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The spectroscopic data were taken with the WFC3/IR G102 and G141 grisms at three epochs (and hence orientations) to reduce contamination. The spectra sample from 3000 to 6000 Å in the rest-frame of galaxies at z = 1.8. Redshifts were published in Paper I for 63 emission-line galaxies brighter than H = 25.5 mag and 35 absorption-lines galaxies brighter than H = 23.3 mag. Nineteen of these are cluster members. The absorption-line galaxy sample of Paper I has a pre-selection based on photometric redshift estimates, such that only galaxies with 1.4 <zphot< 3 were considered; no such cut was applied for emission-line galaxies.

For this paper and for the purpose of checking completeness, we also extracted and fit the spectra of those few bright (H< 22.5 mag) galaxies irrespective of their photo-z within 1.22 times the area enclosed by the outermost detected X-ray isophote (1.8 arcmin2, about 0.5 Mpc2). These targets were not considered in Paper I. The successfully extracted spectra indicate redshifts z< 1.2, in agreement with the photo-z pre-selection. Of the four unsuccessfully extracted spectra, two represent galaxies that are very likely too extended to be at high redshift. The two remaining galaxies have a low photo-z and are probably foreground galaxies. Therefore, the sample of galaxies with H< 22.5 mag with spectroscopic redshifts represents a complete sample of cluster members.

In this paper we complement the HST data with data from the WIRCam Deep Survey (WIRDS) survey (Bielby et al. 2012), which enables us to estimate the mass of JKCS 041 from its richness (see Sect. 3). WIRDS provides deep z and J photometry of a 1 deg2 field around JKCS 041 to a limit of z′ = 25 mag. Our earlier papers characterized the red-sequence relation for JKCS 041 on the basis of these data (Andreon 2011; Raichoor & Andreon 2012a).

3. Mass of the JKCS 041 cluster

We now turn to the mass of JKCS 041 which can be estimated in four ways.

  • 1.

    Using the X-ray temperature-mass relation under theassumption that the locally determined relation evolvesself-similarly. Although this assumption has been challenged by,for example, Andreon et al. (2011 and referencestherein), the implications are not yet precisely quantified giventhat samples with a known selection function would be required(Pacaud et al. 2007; Andreon et al.2011; Maughan et al. 2012).

  • 2.

    Using the LX-mass relation (Vikhlinin et al. 2009), again assuming a self-similar-inspired evolution.

  • 3.

    Using the gas mass, assuming that the gas fraction has not changed in the past 10 Gyr.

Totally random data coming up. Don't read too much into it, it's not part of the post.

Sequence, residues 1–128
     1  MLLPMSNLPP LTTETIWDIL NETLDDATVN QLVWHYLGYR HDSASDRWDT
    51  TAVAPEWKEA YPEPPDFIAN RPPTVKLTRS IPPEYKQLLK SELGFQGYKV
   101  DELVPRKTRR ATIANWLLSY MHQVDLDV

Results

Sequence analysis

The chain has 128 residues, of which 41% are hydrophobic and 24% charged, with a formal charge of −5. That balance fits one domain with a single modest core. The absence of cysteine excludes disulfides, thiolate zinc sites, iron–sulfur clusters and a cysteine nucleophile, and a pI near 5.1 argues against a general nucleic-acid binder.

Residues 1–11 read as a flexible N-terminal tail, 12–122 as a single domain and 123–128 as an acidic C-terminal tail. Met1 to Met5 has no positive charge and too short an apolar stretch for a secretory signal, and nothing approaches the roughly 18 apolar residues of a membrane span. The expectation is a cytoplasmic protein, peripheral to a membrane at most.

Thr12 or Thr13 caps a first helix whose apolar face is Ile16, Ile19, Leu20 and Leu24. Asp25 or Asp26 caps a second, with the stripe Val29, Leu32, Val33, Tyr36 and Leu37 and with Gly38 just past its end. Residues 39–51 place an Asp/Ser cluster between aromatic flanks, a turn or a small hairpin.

• 4.

    Using a local richness-mass relation (e.g., Johnston et al. 2007; Andreon & Hurn 2010). The mass estimated from the cluster richness is probably relatively independent of evolutionary effects, given that the color evolution of red members is reasonably well understood (e.g., De Propris et al. 1999, see also Sect. 5.1).

For the first three methods we used the results from the Chandra observations reported by Andreon et al. (2009), rescaled to the current redshift and to the same aperture r200 assuming a Navarro et al. (1997) profile of concentration 3 − 5. We find log M200/M = 14.6 ± 0.5 from the X-ray temperature. Using the X-ray luminosity in the [0.52] keV band within r500 and the Vikhlinin et al. (2009) calibration, we find log M200/M ≈ 14.45. For this latter estimate, there is an uncertainty of 0.2 dex, mostly arising from the scatter in LX at a given mass (Vikhlinin et al. 2009, 0.11 dex) with 0.08 dex arising from uncertainties in the count rate and temperature. Assuming a 10 % gas fraction, typical of nearby clusters (Vikhlinin et al. 2009), we find log M200/M ≈ 14.4 from the gas mass within r500 (Ettori et al. 2004). This gas-based mass has an error of 0.10 dex, derived from a 0.08 dex arising from the uncertainties in the gas-mass profile and the local Universe ~0.06 dex scatter of the gas fraction (Andreon 2010), to which we need to add an unknown uncertainty because of the evolution of the gas fraction. Adopting the Universe baryon fraction as value of the gas fraction, we find log M200/M ≈ 14.2. Given that it is unlikely that the gas fraction exceeds the Universe baryon fraction, at face value log M200/M ≈ 14.2 is a reasonable lower limit of the JKCS 041 mass. Finally, from the X-ray profile and spectrum normalization, we computed a gas mass within 30 arcsec of 3.9 × 1012 M, fully consistent with the upper limit derived from SZ observations in Culverhouse et al. (2010) and extrapolation of lower redshift scaling relations.